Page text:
In Downtown Hartford, A Golf Lifestyle Network Is Born
By ANNE M. HAMILTON
March 22, 2012
James Bosworth is out to show that televised golf can be so much more than a droning account of rich men smacking small balls across a huge lawn.
"We are changing the style of golf," said the founder and CEO of back9network, a new multimedia "golf lifestyle" network. "We wanted a non-traditional program that was more fun. Tournament coverage really just puts people to sleep."
Bosworth, known as Jamie, is launching a "niche" cable network, based in downtown Hartford, with hipper, edgier shows aimed at younger viewers. "We want everyone to enjoy it. For too long, [golf] has had the reputation as being exclusionary," he said.
He has already produced some proposed pilot programs — from travel pieces about fancy golf resorts, to golf fashions, and "Hole Lotta Love," a reality dating show, in which a golfer goes around a course with three beauties and ends up on the last hole with just one.
"The choice is on golf and personality," he said. "It's so utterly cheesy and fun."
Bosworth, who has been a teaching pro and marketing executive for golfers and equipment firms, has already raised $5.3 million toward the network launch, with some celebrity investors and advisers — Clint Eastwood, Geno Auriemma and Ray Allen among them. He said he's aiming for $40 million.
A live blog is already available — and it's clear that sexy women will be a huge part of the strategy. He expects to launch the web site later this month and the cable shows in late fall.
Bosworth, 39, met Eastwood while he was working as a golf pro at Pebble Beach Golf Links. He won't say how much the actor and director has invested, but he said he played golf in Hawaii with Eastwood over the holidays, and made Eastwood chairman of the creative committee, helping choose the on-air talent.
To help with the technical side of video production, Bosworth hired Carlos Silva, a sports broadcasting veteran. Javier Colon, a West Hartford resident and winner of NBC"s "The Voice," will be a writer. Bosworth's wife, Jenn, until recently a reporter and anchor on Fox CT (sister company of The Courant); is an on-air anchor.
Bosworth expects to hire another 65 to 70 employees by the fall. "We think we can be a huge contributor to the Hartford economy," he said.
Geno Auriemma is an investor and acting University of Connecticut athletic director Paul Pendergast and Celtics player and former UConn star Ray Allen are on his board of directors.
"I thought it was such a great idea," said Allen, an excellent golfer who bought some shares. "The Network will give people the opportunity to see golf from the everyday vantage point. It's for people who love golf. … I think it's going to be a great success. Jamie is one of those guys - he is a competitive golfer and he has so much passion for what he does. It seemed like a perfect fit."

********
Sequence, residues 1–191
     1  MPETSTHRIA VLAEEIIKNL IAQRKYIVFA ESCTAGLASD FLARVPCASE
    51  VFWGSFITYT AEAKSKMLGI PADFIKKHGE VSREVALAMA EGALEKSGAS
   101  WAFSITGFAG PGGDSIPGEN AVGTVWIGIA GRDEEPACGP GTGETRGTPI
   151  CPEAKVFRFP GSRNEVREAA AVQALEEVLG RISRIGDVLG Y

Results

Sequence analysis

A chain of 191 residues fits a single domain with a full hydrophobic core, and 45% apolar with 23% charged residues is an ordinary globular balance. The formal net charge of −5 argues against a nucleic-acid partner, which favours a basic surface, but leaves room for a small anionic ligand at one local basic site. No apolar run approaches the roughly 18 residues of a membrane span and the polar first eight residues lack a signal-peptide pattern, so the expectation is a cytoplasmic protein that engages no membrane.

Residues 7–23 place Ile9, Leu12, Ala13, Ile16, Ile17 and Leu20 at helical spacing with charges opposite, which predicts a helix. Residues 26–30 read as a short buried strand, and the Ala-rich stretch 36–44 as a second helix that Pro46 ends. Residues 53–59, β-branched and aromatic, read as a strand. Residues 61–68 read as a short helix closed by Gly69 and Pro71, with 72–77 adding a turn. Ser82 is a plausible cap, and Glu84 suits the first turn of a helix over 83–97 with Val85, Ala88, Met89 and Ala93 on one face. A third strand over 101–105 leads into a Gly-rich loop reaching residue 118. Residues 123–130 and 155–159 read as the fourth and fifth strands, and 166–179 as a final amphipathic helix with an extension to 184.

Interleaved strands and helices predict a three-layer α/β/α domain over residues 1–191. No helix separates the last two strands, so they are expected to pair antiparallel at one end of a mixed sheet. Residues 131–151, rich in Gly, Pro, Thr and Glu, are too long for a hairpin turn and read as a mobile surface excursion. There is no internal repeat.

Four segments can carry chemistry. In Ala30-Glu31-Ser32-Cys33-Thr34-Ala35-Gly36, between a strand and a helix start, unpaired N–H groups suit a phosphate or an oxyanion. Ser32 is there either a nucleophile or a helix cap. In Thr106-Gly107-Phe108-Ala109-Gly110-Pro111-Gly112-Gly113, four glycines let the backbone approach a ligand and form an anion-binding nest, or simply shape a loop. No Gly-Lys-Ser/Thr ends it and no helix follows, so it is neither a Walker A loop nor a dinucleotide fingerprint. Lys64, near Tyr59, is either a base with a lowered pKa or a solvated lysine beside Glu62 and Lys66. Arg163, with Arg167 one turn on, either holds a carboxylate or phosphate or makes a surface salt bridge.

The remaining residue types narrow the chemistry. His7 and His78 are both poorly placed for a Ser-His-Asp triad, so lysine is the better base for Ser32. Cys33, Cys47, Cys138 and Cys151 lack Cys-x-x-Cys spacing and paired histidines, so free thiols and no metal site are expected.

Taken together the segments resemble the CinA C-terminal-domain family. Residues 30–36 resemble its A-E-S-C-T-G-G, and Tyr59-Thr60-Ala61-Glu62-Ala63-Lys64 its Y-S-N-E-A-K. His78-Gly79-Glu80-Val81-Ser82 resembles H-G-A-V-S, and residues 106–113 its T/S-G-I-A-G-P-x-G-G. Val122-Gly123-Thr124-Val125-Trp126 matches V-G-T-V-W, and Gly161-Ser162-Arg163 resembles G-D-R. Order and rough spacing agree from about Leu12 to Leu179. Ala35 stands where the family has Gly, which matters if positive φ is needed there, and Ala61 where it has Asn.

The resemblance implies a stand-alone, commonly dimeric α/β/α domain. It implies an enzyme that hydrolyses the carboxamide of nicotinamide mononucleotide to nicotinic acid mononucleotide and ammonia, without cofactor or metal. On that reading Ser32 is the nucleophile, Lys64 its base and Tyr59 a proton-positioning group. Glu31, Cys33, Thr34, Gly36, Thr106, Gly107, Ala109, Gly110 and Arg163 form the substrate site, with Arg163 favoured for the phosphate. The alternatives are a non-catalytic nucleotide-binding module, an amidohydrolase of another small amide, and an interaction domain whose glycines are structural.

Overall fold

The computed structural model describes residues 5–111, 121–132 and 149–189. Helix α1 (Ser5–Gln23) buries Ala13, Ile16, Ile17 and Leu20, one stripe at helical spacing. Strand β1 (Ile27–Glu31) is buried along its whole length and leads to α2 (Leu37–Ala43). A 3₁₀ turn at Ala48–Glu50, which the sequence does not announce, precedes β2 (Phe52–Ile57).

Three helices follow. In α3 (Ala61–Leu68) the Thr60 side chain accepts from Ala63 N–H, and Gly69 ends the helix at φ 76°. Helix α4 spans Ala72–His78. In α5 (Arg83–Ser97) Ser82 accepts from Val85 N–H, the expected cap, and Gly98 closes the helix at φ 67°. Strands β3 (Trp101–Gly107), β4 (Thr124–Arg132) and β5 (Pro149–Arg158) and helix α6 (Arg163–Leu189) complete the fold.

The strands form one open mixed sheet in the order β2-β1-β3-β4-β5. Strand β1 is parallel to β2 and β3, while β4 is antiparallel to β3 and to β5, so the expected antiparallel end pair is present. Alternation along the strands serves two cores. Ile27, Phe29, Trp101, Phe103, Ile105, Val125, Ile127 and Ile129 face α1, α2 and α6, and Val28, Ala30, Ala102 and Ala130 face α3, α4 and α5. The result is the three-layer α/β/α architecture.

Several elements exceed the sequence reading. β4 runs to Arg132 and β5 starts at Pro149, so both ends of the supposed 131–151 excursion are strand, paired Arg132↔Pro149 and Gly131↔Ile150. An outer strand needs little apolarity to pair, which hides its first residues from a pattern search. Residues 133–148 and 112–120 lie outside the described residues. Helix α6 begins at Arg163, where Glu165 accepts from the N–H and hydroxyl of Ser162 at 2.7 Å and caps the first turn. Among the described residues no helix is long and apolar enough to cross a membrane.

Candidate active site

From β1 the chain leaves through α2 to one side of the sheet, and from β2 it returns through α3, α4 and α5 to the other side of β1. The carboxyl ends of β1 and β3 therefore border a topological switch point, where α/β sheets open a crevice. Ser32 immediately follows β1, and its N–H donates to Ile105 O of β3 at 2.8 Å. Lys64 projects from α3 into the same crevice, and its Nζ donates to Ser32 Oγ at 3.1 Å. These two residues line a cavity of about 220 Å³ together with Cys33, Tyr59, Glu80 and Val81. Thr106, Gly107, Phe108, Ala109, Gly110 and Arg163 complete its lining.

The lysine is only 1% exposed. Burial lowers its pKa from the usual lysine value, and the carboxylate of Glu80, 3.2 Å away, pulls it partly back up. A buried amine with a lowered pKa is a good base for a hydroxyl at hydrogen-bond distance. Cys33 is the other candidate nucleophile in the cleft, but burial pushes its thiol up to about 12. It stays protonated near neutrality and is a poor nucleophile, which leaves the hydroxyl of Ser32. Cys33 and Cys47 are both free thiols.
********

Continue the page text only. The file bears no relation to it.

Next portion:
The firm, now on Lewis Street, is negotiating for larger space where shows can be edited and produced. "We want to encourage people to have fun," said Bosworth. "No one has seen anything new in golf [television] in 15 years."
Bosworth 's strategy is not to show tournaments, but pre- and post-tournament coverage, as well as on-air personalities including a humorist who, Bosworth claims, rivals Jon Stewart, and an Andy Rooney-like grouch. Shows include "Lucky Me," in which blue collar comedian Jackie Flynn gets to play exclusive golf courses he can't afford, and "Crazy Hole," in which two golfers tee off from unlikely places, like a roof top or the middle of a desert.
Bosworth, who grew up playing golf in West Orange, N.J., won a golf scholarship to Seton Hall University. He started as a golf pro at Pebble Beach, then worked as a sales representative and later sales manager for Odyssey Golf, an equipment maker. There, his largest coup was the result of a cold call to American Express. Using the number on the back of his credit card, he eventually spoke with the person who handled rewards programs, and sold him on the idea of adding Odyssey's putters.
After Callaway Golf bought Odyssey, Bosworth worked his way up to head sales and marketing for two of the company's brands.
Later, he was a partner in Blake and Bosworth Sports Marketing, representing professional athletes as well as large companies trying to decide how to spend their sports marketing dollars. He said that putting together all the pieces of the network has left him little time to be on the links, where he has a handicap of one.
Still to be negotiated are agreements with satellite or cable distributors that would carry the network. Bosworth is trying to interest companies like Dish, Comcast, Direct TV or Time-Warner. Eventually, he expects a major media outlet to buy him out. "We'd be very advantageous for a potential suitor," he said.
Bosworth said women and minorities have been sidelined in golf for too long. "I'm against any form of discrimination – the non-rich, women, people who may have felt unenfranchised," he said. "Golf is a sport and a social activity you can enjoy your whole life."
Sandy Cloud, a former Hartford state senator, Aetna executive and president of the National Conference for Community and Justice, who is now a real estate developer, is a shareholder, helping Bosworth raise money. "It's an opportunity for Hartford and our state to have a new media vehicle," he said. "It will be very exciting for economic development in Hartford."
Cloud, an African-American who grew up playing golf in Keney Park and caddying at Tumblebrook Country Club, said the network will expose a wider array of people to the world of golf.
"A lot of people thought golf was available only to a part of the population," he said. "Golf exposed me to a whole different world. It changed my life."
Reprinted with permission of the Hartford Courant.
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